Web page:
UNSW co-authors major financial inclusion report

UNSW co-authors major financial inclusion report

Professor Ross Buckley of UNSW Sydney has co-authored an international report that highlights the difficulty in accessing basic financial services for billions of people around the world.

The “FinTech for Financial Inclusion” report will be presented at the 3rd annual Inclusive and Sustainable Finance Research Conference on 13 November in Luxembourg.

The report was commissioned by the Alliance for Financial Inclusion , a global thought leader on financial inclusion policy and regulation. Its members include more than 100 central banks, regulatory bodies and government institutions from 93 emerging and developing economies.

Together with his co-authors – Professor Douglas Arner of the University of Hong Kong and Professor Dirk Zetzsche of the University of Luxembourg – Professor Buckley has developed a road map to harness the full potential of fintech for financial inclusion. Their approach is based around four key pillars:

· Empowering access through digital identification, electronic Know-Your-Customer (eKYC) services and simplified account opening.

· Enabling use by developing digital payments infrastructure and open electronic payment systems.

· Scaling use and encouraging digitisation of government payments and provision of services.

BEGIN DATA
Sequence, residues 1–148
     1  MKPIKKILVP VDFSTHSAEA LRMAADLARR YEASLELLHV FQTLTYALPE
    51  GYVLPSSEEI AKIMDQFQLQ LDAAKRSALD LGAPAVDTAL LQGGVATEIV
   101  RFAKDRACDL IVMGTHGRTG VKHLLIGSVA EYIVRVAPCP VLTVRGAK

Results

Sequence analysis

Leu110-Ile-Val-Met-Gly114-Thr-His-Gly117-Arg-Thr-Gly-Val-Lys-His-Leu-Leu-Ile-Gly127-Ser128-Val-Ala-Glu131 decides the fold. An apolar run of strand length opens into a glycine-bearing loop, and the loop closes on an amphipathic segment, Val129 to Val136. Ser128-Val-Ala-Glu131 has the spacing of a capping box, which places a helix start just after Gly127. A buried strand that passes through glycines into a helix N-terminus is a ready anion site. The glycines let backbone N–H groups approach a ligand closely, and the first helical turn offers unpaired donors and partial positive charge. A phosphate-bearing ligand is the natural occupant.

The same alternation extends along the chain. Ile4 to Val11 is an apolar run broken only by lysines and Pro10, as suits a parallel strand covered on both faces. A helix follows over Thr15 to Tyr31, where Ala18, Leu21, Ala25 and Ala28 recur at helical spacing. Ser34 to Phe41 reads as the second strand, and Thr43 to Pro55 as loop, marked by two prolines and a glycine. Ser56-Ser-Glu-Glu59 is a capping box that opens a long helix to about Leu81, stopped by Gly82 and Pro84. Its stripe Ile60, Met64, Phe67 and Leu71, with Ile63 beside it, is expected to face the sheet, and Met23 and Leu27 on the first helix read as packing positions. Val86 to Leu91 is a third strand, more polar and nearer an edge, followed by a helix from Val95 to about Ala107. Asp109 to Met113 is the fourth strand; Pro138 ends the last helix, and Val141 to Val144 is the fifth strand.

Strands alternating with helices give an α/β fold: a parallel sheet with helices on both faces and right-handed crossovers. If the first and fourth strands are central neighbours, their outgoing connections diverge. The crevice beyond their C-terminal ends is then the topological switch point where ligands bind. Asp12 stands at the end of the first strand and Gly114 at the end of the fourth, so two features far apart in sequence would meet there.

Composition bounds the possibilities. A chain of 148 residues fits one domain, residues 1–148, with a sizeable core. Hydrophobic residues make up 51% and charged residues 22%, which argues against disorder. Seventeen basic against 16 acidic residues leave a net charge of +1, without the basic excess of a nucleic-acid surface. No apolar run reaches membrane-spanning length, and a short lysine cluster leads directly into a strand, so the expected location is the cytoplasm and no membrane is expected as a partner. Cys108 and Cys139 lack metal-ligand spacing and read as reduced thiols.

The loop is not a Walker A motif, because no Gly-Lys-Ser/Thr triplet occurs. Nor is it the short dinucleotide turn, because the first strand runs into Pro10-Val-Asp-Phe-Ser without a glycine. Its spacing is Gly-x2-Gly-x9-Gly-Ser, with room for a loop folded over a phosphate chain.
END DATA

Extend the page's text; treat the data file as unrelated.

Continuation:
· Expanding the quality and range of services through sound financial market infrastructure and systems.

The implementation of these pillars will help under-served communities gain easier access by facilitating identification in areas where formal ID is often lacking.

The second step is to create the platforms needed to carry out transactions.

With the foundations laid, the third pillar could help apply technology in everyday lives by managing government payments and services (such as salaries, pensions, etc.) through digital platforms.

Once the fundamental infrastructure is laid in pillars 1-3, a broader ecosystem can be developed.

“Some 1.7 billion people around the world lack access to the most basic financial services. This is expensive, complicates their lives, and tends to keep them trapped in poverty,” Professor Buckley said. “Our framework provides a road map to assist national regulators to get their regulatory settings right and support the extension of basic savings and payments services, in the first instance, to these financially excluded people.”

Professor Zetzsche, Professor Arner and Ali Ghiyazuddin Mohammad, digital financial services policy manager at AFI, will discuss the report and its findings at the 3rd University of Luxembourg Inclusive and Sustainable Finance Research Conference, on 13 November 2018. The full program and registration details are available online.

The event aligns with a recently signed letter of intent between the University of Luxembourg and the Ministry of Finance to promote research and teaching in sustainable finance.

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